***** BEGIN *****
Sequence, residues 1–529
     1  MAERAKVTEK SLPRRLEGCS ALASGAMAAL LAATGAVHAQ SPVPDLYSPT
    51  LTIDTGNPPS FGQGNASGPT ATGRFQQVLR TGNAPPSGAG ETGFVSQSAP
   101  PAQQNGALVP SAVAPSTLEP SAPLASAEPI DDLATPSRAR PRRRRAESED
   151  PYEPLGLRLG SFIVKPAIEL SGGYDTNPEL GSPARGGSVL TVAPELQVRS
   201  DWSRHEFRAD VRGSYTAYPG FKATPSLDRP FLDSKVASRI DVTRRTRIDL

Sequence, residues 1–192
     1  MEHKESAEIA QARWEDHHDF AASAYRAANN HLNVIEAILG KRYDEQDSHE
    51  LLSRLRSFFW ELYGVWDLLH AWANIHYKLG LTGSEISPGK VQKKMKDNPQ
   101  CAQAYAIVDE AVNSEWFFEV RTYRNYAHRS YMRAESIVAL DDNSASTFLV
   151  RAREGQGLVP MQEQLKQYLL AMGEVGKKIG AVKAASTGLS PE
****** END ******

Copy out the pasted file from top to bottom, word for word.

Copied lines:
Sequence, residues 1–529
     1  MAERAKVTEK SLPRRLEGCS ALASGAMAAL LAATGAVHAQ SPVPDLYSPT
    51  LTIDTGNPPS FGQGNASGPT ATGRFQQVLR TGNAPPSGAG ETGFVSQSAP
   101  PAQQNGALVP SAVAPSTLEP SAPLASAEPI DDLATPSRAR PRRRRAESED
   151  PYEPLGLRLG SFIVKPAIEL SGGYDTNPEL GSPARGGSVL TVAPELQVRS
   201  DWSRHEFRAD VRGSYTAYPG FKATPSLDRP FLDSKVASRI DVTRRTRIDL

Sequence, residues 1–192
     1  MEHKESAEIA QARWEDHHDF AASAYRAANN HLNVIEAILG KRYDEQDSHE
    51  LLSRLRSFFW ELYGVWDLLH AWANIHYKLG LTGSEISPGK VQKKMKDNPQ
   101  CAQAYAIVDE AVNSEWFFEV RTYRNYAHRS YMRAESIVAL DDNSASTFLV
   151  RAREGQGLVP MQEQLKQYLL AMGEVGKKIG AVKAASTGLS PE